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Clash erupts as military moves to resume construction at THAAD site

All Headlines 11:36 April 12, 2018

SEOUL/SEONGJU, April 12 (Yonhap) -- Police clashed Thursday with protesters and residents near the U.S. missile defense base in a southern rural town, as the military tried to carry in construction materials and equipment. Some protesters were hurt.

The Ministry of National Defense stressed it's necessary to improve the living conditions of South Korean and American troops at the THAAD base in Seongju, North Gyeongsang Province.

More than 400 soldiers of the allies are stationed at the former golf course to operate the system, formally called Terminal High Altitude Area Defense.

"Currently, the living conditions of the troops are poor," the ministry's spokesperson Choi Hyun-soo said at a press briefing. "Only the things meant to improve them will be brought into the base."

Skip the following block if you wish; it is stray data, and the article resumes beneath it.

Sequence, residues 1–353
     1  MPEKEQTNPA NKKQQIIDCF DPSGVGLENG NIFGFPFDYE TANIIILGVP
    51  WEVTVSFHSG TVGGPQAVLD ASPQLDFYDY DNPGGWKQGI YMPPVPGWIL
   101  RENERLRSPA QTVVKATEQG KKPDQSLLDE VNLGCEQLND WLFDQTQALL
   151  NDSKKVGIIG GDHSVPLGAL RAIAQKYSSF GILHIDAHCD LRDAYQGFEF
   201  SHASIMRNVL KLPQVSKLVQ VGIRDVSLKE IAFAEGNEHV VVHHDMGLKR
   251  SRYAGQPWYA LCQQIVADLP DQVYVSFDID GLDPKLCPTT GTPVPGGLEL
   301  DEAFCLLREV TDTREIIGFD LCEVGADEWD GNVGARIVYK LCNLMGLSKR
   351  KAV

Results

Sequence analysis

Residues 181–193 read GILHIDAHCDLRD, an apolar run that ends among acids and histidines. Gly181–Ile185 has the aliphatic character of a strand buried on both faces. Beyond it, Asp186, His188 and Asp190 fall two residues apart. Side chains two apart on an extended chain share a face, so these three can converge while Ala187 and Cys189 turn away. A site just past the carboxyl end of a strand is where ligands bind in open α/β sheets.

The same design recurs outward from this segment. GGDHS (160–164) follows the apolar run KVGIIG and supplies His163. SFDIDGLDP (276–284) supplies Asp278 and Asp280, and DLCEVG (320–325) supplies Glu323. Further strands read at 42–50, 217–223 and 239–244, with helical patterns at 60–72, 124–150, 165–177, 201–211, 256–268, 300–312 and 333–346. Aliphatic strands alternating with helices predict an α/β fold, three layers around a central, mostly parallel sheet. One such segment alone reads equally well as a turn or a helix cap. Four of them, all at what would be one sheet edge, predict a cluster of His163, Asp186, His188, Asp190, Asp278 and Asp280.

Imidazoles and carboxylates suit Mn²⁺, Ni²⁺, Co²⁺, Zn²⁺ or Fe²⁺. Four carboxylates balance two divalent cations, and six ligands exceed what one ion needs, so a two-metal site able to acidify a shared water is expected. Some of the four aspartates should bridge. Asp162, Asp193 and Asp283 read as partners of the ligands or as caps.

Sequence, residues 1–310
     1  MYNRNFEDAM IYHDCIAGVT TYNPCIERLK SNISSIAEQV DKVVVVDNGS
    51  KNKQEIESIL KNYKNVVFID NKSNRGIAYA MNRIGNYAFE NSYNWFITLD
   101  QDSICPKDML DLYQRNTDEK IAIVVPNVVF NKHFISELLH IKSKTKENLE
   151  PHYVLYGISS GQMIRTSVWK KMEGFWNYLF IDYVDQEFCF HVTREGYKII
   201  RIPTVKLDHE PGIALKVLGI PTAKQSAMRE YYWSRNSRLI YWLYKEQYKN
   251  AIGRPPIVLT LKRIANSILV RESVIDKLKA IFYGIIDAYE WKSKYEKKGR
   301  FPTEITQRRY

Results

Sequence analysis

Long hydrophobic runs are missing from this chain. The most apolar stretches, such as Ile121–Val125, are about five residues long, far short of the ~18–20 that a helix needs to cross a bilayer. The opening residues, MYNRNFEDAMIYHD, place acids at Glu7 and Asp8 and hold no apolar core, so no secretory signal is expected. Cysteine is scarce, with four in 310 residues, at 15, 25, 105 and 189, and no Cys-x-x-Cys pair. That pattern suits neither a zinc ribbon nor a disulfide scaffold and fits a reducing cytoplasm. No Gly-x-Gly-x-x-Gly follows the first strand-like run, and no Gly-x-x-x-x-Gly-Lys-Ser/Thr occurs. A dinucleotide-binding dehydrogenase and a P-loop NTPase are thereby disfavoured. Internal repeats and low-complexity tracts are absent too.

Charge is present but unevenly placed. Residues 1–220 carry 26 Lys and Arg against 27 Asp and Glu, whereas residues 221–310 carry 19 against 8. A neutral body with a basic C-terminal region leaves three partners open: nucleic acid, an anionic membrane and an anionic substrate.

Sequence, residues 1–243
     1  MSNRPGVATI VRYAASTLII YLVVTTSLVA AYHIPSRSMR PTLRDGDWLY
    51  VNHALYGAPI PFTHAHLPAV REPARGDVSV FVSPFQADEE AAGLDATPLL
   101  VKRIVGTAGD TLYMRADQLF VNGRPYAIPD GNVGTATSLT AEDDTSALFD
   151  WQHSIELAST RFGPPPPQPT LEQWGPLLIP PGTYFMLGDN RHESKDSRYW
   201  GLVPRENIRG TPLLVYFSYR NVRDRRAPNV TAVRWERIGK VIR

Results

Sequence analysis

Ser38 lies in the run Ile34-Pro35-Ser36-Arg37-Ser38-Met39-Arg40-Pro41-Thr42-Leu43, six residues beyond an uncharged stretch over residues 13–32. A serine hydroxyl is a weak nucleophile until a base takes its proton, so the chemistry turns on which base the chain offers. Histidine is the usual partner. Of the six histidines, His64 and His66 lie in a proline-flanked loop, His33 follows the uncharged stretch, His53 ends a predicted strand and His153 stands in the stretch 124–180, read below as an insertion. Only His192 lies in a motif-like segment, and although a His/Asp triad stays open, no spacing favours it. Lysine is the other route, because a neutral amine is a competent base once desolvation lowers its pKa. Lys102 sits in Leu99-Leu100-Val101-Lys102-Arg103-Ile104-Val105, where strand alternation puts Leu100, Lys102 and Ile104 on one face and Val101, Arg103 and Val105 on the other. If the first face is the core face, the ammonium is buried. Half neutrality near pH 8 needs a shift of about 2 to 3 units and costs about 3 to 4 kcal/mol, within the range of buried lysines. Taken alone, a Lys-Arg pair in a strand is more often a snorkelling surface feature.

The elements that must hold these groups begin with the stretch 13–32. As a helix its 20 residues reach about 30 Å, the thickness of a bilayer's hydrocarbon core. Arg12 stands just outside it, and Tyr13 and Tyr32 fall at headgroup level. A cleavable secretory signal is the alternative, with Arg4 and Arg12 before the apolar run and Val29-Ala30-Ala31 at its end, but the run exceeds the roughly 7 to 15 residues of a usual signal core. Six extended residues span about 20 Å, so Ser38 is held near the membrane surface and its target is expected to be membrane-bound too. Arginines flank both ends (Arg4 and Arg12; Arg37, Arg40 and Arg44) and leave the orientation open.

For instance, she added, it's urgent to repair leaky roofs and build sewage treatment facilities.

Residents near the THAAD missile defense base in Sejongju, North Gyeongsang Province, clash with police on April 12, 2018, protesting against the transport of construction materials and equipment into the area. (Yonhap)

Hundreds of protesters were blocking the road to the gate of the base, suspicious of the military's attempts. They do not want a U.S. military base in Seongju, 300 kilometers south of Seoul, which was once a quiet town known for melon farming.

They suspect that the defense authorities are seeking to expand helipads and other facilities associated with military operation.

The military turned down a request by the protesters' group to allow a representative to monitor the on-site delivery of the materials and equipment.

"As the U.S. military has not permitted it out of concern about security program, I know that no deal has been reached on the matter," Choi said, as police began to clear the way for a convoy of trucks to enter the base.

Last year, the U.S. installed a total of six THAAD launchers at the site, along with a powerful X-band radar station, as well as a fire control and communications unit, in a bid to counter North Korea's missile and nuclear threats. The THAAD battery was immediately put in operation.


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